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Commentary and Perspective from one of America's most unique small town areas, edited by Preston Westmoreland of Russ Lyon Sotheby's International Realty.

     Carefree times name            Preston photo
Volume 5, Summer Edition 2013
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Phoenix Hits 119 degrees on June 29, 2013. Sets record!

Carefree (PW) As a massive high pressure area built over the West, it seemed nobody was immune from record-breaking temperatures that scorched from Idaho to the Mexican border. There were even traffic tie-ups at Sky Harbor Airport as jets were unable to take off with full loads of fuel. Carefree and Cave Creek clocked in with rare 112 degree readings. With over 70 days of no rain, the Monsoon's arrival next week should provide some welcome relief.

Black Mountain Eyes!  Twice a year, near the solstice, we've noticed early morning light reflecting off two windows on a residence high in Hawk's Nest.  It's always an intriguing sight before it disappears in an instant!

 

This month's quiz-

Phoenix  hit 122 degrees back in June, 1990.  Why were they lucky?
Scroll down for the answer! 


Cave Creek's Mystery Airstrip-History Revisited

Cave Creek (PW) For tourists exploring the area North of Cave Creek, ambling to the end of Sierra Vista Road, where they are confronted by a closed gate, most would have no idea of what history was involved at the small ranch ahead of themtten, or what that very long green building is up on the hill to the South.  Yet, in history books such as Frances Carlson's Cave Creek and Carefree, Arizona-A History of the Foothills, there are chapters written about what went on there.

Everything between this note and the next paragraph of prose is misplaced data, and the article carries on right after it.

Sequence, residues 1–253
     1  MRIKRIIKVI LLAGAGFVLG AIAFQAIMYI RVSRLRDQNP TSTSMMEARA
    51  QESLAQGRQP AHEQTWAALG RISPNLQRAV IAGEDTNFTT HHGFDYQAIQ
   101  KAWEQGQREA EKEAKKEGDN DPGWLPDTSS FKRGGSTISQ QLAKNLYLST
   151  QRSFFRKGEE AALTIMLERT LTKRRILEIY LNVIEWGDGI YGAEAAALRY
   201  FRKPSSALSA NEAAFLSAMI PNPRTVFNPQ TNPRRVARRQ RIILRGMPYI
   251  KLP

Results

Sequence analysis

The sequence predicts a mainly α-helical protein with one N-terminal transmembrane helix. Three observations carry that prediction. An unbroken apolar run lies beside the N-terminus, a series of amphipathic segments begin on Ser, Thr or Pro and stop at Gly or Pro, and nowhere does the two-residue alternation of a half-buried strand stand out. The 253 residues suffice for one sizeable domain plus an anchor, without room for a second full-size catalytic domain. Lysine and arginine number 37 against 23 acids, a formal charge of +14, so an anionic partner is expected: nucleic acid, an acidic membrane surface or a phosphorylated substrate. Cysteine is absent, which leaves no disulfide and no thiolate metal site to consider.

Note the green area near the top of the photo, is the Sierra Vista Ranch.  According to experts at the Saguaro National Monument near Tucson, "even when saguaro cacti grow in their normal form, they rarely grow symmetrically. Saguaros sometimes grow in odd or misshapen forms. The growing tip occasionally produces a fan-like form which is referred to as crested or cristate. Though these crested saguaros are somewhat rare, over 25 have been found within the boundaries of the Tucson park. Biologists disagree as to why some saguaros grow in this unusual form. Some speculate that it is a genetic mutation. Others say it is the result of a lightning strike or freeze damage. At this point they simply do not know what causes this rare, crested form." Carefree Town officials are hopeful that this latest find will prosper in the million-dollar Cactus Garden, which has has become a huge tourist draw.



Maricopa County Active Listings-     15,918